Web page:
State "Anti-Hazelwood" Laws: Since 1977, California has had a law on its books protecting student expression. In its present form, this section of the California Education Code, No. 48950, says school districts cannot make or enforce any rule subjecting a high school student to disciplinary sanctions on the basis of speech or other communication that–outside campus–is protected by the First Amendment or Section 2 of Article 1 of the California Constitution. Students can take civil action to obtain legal relief and the court can award attorney’s fees to a prevailing plaintiff in a civil action. This does not apply to private religious secondary schools, and nothing prohibits disciplining students for harassment, threats, or intimidation. According to the code, free speech rights are subject to reasonable time, place, and manner regulations.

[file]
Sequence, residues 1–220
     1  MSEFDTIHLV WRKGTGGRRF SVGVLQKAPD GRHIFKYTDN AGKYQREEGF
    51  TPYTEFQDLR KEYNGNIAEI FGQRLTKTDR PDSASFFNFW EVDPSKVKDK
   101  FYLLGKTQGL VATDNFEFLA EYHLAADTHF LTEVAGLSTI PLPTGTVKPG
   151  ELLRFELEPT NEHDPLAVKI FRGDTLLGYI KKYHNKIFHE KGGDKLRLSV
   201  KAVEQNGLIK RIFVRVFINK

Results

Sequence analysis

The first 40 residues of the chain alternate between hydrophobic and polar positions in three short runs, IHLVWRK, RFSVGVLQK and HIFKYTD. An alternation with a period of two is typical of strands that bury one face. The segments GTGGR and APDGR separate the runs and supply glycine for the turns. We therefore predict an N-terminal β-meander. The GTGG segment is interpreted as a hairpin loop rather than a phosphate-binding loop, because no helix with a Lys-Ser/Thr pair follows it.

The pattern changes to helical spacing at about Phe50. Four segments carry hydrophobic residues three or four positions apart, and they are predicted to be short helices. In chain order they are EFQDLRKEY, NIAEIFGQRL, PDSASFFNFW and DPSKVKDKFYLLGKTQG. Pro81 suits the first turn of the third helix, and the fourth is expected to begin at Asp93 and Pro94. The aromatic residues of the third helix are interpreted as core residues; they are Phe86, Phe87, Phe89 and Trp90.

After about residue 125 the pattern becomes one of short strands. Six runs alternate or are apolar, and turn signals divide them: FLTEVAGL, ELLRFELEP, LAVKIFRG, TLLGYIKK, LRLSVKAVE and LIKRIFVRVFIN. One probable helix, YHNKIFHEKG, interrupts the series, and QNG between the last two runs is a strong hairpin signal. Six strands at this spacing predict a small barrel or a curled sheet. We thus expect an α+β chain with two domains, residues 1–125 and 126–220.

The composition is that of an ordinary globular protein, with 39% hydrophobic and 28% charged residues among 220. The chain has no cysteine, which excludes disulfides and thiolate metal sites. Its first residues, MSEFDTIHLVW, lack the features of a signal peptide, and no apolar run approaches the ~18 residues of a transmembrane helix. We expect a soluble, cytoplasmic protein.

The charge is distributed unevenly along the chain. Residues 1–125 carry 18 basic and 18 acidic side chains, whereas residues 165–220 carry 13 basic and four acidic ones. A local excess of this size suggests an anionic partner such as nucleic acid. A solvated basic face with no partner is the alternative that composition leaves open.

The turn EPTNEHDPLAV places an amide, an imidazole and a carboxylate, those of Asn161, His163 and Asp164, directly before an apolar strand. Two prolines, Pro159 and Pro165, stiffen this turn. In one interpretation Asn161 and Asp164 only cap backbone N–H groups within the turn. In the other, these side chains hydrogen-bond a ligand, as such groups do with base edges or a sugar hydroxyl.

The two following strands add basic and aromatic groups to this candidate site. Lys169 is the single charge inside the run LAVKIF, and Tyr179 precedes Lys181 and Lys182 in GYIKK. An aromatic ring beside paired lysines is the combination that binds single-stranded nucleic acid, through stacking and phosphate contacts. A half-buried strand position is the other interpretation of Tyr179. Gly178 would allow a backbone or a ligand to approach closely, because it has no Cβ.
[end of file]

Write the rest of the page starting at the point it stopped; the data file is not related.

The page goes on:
Five other states–Massachusetts, Iowa, Colorado, Kansas and Arkansas–have enacted anti-Hazelwood legislation since 1988. Student press defenders are pushing for similar laws in other states and advocating other state-level protections. At Oregon’s Brookings Habor High School where student journalists can refuse to publish a newspaper rather than submit to prior review, legislation is pending before the legislature that would protect student newspapers from prior review.